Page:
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Welcome Readers!

Welcome to my blog: Today's Lady Virtue. This site is for women--wives, mothers, singles, widows, family, friends, etc.! My heart is to share loving encouragement coupled with timeless truths from God's Word, the Bible, to enlighten, uplift, and empower women of today. At Today's Lady Virtue we're about "Reclaiming Virtuous Womanhood today the Time-tested Way!" Here you will find a variety of posts from poems, to "Put into Practice" principles, to pictures and more! I invite you to voyage with me on the quest to become Today's Lady Virtue.







Saturday, January 16, 2010

Tribute to My Daddy, Part II



Just When Life Seemed So Normal...So Predictable...So Self-scripted...Almost Magical...or even Enchanted like our Fun Family Outing to Enchanted Rock...

Part I of My Dad's Story: 
A FUNNY THING HAPPENED 
ON THE WAY TO CLOSING

Many of you have heard bits and pieces of my situation and some of you are hearing from me for the first time. This may be more info than you want to hear but I thought I would do a good synopsis for a broad group of family, friends, and coworkers, and cover the bases. First of all, thank you for all your thoughts and prayers and support. It means a lot to me. For example, I was told last night that everybody in my FBC Sunday School stopped wherever they were and prayed for me at 5:30 PM. That was very nice.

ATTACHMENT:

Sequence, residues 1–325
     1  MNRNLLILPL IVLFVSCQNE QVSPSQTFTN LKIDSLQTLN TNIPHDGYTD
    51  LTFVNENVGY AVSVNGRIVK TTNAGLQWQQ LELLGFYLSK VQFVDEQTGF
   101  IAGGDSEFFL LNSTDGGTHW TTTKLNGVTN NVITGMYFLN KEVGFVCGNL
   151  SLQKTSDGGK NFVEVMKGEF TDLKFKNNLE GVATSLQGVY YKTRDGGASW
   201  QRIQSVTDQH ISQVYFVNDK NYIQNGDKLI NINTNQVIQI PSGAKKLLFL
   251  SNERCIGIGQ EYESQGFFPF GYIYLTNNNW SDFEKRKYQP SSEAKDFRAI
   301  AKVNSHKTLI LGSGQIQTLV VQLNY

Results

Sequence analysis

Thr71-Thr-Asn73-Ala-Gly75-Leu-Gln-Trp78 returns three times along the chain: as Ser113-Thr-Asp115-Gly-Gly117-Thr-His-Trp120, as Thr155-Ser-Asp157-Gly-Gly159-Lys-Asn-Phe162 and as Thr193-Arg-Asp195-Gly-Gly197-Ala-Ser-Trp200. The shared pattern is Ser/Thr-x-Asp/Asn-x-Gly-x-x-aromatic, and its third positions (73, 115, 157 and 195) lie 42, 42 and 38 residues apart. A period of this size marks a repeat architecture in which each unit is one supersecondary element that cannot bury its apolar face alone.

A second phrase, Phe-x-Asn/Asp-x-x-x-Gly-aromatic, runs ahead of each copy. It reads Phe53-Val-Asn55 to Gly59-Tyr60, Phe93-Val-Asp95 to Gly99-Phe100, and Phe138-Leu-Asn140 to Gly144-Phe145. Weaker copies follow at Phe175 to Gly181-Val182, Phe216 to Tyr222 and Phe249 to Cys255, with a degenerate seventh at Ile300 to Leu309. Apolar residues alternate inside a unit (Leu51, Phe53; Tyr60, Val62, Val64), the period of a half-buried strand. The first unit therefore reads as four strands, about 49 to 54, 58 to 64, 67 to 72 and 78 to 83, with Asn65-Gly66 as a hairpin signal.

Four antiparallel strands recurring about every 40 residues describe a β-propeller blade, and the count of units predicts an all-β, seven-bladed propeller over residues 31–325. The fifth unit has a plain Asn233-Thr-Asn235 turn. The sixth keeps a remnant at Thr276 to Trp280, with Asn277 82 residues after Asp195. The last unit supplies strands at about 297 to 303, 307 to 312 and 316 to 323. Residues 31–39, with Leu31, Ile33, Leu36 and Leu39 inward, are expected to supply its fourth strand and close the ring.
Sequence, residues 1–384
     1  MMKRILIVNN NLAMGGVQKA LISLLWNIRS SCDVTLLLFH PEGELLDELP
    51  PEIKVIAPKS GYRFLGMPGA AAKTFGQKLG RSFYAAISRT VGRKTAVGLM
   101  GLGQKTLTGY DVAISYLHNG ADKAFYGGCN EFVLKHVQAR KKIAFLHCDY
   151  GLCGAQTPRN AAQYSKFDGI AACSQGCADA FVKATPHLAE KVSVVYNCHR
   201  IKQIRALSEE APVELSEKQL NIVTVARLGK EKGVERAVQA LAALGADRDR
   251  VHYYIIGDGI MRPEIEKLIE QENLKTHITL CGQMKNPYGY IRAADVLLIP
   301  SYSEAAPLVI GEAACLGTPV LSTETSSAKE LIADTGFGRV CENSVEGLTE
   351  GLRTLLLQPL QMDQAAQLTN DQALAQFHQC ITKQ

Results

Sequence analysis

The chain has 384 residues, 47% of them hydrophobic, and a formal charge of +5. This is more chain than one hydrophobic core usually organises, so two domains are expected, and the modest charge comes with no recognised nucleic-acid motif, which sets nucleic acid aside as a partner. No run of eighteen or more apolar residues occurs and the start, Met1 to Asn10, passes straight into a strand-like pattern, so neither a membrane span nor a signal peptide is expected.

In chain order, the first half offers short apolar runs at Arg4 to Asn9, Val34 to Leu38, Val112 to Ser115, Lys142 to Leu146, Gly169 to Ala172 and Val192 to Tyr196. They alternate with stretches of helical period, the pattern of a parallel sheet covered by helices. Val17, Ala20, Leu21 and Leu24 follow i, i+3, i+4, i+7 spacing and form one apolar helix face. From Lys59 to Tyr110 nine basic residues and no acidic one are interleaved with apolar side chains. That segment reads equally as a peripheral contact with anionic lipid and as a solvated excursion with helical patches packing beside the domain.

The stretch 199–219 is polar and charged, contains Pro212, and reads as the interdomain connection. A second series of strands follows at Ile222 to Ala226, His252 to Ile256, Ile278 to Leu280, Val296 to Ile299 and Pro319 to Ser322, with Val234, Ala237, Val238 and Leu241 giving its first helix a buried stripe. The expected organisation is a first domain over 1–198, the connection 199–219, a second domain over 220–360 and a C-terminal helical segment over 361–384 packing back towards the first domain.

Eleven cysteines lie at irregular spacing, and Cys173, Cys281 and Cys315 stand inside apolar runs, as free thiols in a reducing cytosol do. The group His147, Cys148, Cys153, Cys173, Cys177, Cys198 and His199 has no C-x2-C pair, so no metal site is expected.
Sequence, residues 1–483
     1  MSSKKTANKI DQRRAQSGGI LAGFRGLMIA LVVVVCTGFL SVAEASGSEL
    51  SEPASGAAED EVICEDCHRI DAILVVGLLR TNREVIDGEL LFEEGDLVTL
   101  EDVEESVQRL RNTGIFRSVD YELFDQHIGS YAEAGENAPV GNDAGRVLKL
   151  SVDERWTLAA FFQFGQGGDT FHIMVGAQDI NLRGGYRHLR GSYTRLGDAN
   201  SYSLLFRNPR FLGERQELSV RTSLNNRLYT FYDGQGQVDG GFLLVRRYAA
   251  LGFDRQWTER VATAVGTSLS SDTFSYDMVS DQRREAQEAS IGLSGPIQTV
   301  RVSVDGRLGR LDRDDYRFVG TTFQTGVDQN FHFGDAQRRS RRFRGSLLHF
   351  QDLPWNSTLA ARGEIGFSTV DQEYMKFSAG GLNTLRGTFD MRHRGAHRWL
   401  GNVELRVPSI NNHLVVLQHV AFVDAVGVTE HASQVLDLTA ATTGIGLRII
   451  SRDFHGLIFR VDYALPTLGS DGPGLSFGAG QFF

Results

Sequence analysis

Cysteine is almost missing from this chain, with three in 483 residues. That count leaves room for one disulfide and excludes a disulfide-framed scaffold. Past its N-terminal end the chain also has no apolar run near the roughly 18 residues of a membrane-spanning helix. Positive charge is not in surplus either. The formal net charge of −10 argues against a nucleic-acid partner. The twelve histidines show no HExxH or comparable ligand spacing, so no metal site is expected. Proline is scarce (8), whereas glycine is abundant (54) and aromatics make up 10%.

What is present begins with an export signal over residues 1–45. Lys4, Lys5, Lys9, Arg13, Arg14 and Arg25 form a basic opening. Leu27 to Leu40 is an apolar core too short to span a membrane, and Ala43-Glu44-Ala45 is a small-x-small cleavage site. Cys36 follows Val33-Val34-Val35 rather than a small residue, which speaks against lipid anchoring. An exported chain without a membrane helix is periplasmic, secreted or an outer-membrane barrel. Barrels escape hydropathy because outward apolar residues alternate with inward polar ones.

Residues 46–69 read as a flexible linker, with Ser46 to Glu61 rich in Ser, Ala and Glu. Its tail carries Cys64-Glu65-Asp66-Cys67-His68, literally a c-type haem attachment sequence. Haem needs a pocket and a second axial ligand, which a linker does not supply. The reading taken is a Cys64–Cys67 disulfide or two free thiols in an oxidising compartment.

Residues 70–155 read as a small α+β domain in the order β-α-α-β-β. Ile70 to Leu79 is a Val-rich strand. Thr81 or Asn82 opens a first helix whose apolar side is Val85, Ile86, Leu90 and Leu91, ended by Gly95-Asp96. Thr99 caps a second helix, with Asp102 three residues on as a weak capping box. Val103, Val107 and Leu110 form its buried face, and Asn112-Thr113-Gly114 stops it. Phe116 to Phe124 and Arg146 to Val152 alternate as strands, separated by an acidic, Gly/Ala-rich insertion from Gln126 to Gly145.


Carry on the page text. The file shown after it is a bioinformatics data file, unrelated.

After many months of negotiations, legal wrangling and due diligence, I was off to Houston to close on the sale of our company to SCF Partners. We were to spend all day Thursday and most of Friday finalizing the paperwork and wiring money. The closing had been postponed four times and was to finally take place on January 26. As it turned out, my annual physical at the world-renowned Cooper Clinic in Dallas was to take place on Thursday, January 24th. So I went to Dallas on the way to closing.

My normal doctor had just retired (to go on a 15 yr assignment with his church) so I was assigned a new doctor, Dr. Tyler Cooper, the founder's son. I wasn't scheduled for a EBT (catscan) of my heart, but Dr. Cooper thought it wise to do so because he wanted to start fresh with new data points concerning my health. When he took a picture of my heart, the radiologist noticed some fluid just below my heart that just so happened to be in the picture. He then ordered a complete scan of my torso. There he found more fluid. He then suspected that I had Ascites (a symptom of some pretty scary things, e.g., some organ failing, cancer, etc.) They immediately wanted me to stay in Dallas and go straight to a specialist. I said I have to get to Houston on Thursday and Friday to close a big deal for me and our 153 employees. He said okay but come back Monday.

On Monday the 29th, I went to a specialist that Dr. Cooper recommended, Dr. Rajeev Jain. He was a Digestive Disease Specialist. (Turns out he married Dr. Kwandewal's daughter, who is a Midland doctor.). He looked at the scan and examined me and said he would need more data points to begin to solve the puzzle. We ran 13 more blood tests and then was sent to Dr. Dittman and Dr. Koker to do a sonogram and extract fluid from inside my stomach lining to get more clues.